APSNet Semi-Weekly Bulletin, July 10, 2006

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"APSNet Semi-Weekly Bulletin, July 10, 2006", APSNet Semi-Weekly Bulletin, July 10, 2006, https://nautilus.org/apsnet/apsnet-for-20060710/

APSNet for 20060710

Austral Peace and Security Network (APSNet)

Bi-weekly report from the Nautilus Institute at RMIT, Australia.

Monday 10 July 2006

  1. East Timor: Guns Still Missing as PM Changes
  2. East Timor: The Story We Weren’t Told
  3. Troop Boost on Cards for Afghanistan
  4. China Wants Pyongyang Stronger, Not Weakened
  5. Burma Seeks Nuclear Weapons Alliance with N Korea
  6. Australia: PM Rules Out Nuclear Waste
  7. Australia: The Nuclear Option
  8. Environment: The Threat to the Planet
  1. Guns Still Missing as PM Changes, Tom Hyland, Age, 2006-07-09

    Australian peacekeepers are being frustrated in efforts to account for thousands of weapons belonging to East Timor’s police force, a key issue in restoring stability in the country. Despite repeated promises by the country’s political leaders, officials have yet to give Australian troops a list of serial numbers of more than 4000 firearms – many of them military automatics – originally issued to police.

  2. East Timor: The Story We Weren’t Told, John Martinkus, Age, 2006-07-10

    Three weeks ago senior members of the East Timorese military confirmed what the now deposed prime minister, Mari Alkatiri, has been saying all along: that there had been three attempts since April last year to get senior army commanders to carry out a coup against his government. In light of what has happened since, it seems obvious. An orchestrated campaign has brought down the government.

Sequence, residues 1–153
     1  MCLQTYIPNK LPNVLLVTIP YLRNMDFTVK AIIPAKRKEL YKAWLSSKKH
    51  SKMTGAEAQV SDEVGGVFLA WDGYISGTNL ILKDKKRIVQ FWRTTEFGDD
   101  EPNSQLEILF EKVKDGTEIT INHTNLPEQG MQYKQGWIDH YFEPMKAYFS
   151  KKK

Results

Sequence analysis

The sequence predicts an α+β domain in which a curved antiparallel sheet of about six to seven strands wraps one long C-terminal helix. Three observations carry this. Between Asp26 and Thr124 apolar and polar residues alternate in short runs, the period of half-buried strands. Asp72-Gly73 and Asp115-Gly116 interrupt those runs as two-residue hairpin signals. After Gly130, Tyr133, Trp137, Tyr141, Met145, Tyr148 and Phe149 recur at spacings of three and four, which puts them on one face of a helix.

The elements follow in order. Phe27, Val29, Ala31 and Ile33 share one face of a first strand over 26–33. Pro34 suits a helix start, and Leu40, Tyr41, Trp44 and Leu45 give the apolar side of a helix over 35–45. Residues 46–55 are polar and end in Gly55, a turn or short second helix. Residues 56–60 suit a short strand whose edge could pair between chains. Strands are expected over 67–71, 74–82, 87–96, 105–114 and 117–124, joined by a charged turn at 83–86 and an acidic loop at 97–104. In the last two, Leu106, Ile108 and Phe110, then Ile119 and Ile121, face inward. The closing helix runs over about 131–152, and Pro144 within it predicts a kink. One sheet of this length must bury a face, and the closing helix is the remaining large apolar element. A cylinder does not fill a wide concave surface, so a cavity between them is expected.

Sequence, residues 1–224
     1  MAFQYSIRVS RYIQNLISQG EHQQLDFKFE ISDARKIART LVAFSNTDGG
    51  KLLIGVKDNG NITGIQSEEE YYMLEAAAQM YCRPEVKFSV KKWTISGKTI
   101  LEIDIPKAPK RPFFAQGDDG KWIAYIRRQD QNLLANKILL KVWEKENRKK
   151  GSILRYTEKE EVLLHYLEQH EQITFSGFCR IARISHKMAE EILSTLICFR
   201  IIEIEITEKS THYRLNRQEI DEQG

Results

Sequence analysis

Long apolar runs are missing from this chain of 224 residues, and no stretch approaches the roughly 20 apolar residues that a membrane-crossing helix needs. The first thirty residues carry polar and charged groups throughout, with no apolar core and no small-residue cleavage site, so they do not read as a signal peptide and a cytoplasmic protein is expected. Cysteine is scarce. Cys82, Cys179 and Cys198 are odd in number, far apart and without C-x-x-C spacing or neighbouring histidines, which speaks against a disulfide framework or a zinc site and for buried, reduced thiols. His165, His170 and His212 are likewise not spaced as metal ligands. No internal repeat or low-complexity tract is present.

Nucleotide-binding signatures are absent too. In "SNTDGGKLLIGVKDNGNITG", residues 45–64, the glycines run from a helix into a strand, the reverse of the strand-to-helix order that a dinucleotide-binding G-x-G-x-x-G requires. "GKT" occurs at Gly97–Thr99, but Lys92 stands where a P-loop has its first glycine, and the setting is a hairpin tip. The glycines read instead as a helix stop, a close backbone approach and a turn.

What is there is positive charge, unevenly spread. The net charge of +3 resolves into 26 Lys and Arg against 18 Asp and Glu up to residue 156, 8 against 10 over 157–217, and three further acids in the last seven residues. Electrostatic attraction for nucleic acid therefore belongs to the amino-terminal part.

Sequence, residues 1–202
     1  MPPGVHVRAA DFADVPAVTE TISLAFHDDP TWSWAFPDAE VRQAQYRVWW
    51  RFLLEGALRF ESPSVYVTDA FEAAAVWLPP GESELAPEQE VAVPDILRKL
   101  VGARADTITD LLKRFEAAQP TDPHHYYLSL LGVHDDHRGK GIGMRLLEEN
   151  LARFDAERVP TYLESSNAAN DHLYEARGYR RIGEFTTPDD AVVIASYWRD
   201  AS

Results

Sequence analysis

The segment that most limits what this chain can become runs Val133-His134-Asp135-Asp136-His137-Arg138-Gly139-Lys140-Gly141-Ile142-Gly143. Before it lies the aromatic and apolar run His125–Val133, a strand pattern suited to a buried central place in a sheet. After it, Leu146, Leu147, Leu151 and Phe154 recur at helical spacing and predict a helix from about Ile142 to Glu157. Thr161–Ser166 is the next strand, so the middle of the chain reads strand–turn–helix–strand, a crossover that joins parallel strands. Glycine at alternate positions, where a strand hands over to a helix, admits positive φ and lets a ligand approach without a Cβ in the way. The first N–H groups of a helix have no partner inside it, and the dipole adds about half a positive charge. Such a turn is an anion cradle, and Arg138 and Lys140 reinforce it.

3. Troop Boost on Cards for Afghanistan, John Kerin, AFR*, 2006-07-08

    Australia may be forced to boost troop numbers in Afghanistan after a resurgence in Taliban and al-Qaeda attacks raised concerns reinforcements were needed to tackle the insurgency. Defence sources say there are fears Australia’s 200-strong special forces and commando force in the lawless Oruzgan province lack the resources for the task.
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  4. China Wants Pyongyang Stronger, Not Weakened, Hamish McDonald, SMH, 2006-07-08

    Thanks to the infrared sensors aboard spy satellites and the data they sent to the Pine Gap earth station near Alice Springs, US and Australian officials knew almost immediately of North Korea’s missile launches this week. However, what is probably the key reaction to the missile tests that of the upper echelons of the Chinese Communist Party and its People’s Liberation Army, is an almost impenetrable secret.

  5. Burma Seeks Nuclear Weapons Alliance with N Korea, Greg Sheridan, Australian, 2005-07-05

    Burma’s military junta has attempted to buy nuclear weapons technology from North Korea’s rogue regime in an alliance that presents a frightening new threat to regional security. The US issued a heavy-handed warning to Burmese military dictator Than Shwe to cease and desist all such activities after discovering Rangoon’s bid late last year.

  6. PM Rules Out Nuclear Waste, Adrian Rollins, AFR*, 2006-07-07

    John Howard has ruled out accepting nuclear waste from other countries, pre-empting the findings of a taskforce he established to investigate nuclear energy issues. But it is unclear whether the PM’s comments would apply to arrangements under which Australia could lease its uranium to other countries on the understanding that it would accept back the waste product, similar to an agreement between the US and India.
    * Subscription required.


  7. The Nuclear Option, John Quiggin, johnquiggin.com, 2006-07-06

    What is necessary is a commitment to increase the cost of CO2 emissions over time. The result may be a shift to nuclear power, development of alternative energy sources or improvements in conservation and energy efficiency. The important point is that in broaching the question of nuclear power, Howard has opened up the central policy issues that have, until now, been off the table.


  8. The Threat to the Planet, Jim Hansen, New York Review of Books, Volume 53, Number 12, 2006-07-13

    If emissions of greenhouse gases continue to increase at the current rate-“business as usual”-then the rate of isotherm movement will double in this century to at least seventy miles per decade. If we continue on this path, a large fraction of the species on Earth, as many as 50 percent or more, may become extinct.


Austral Peace and Security Network is issued late on Mondays and Thursdays (AEST) by the Nautilus Institute at RMIT, Melbourne, Australia.

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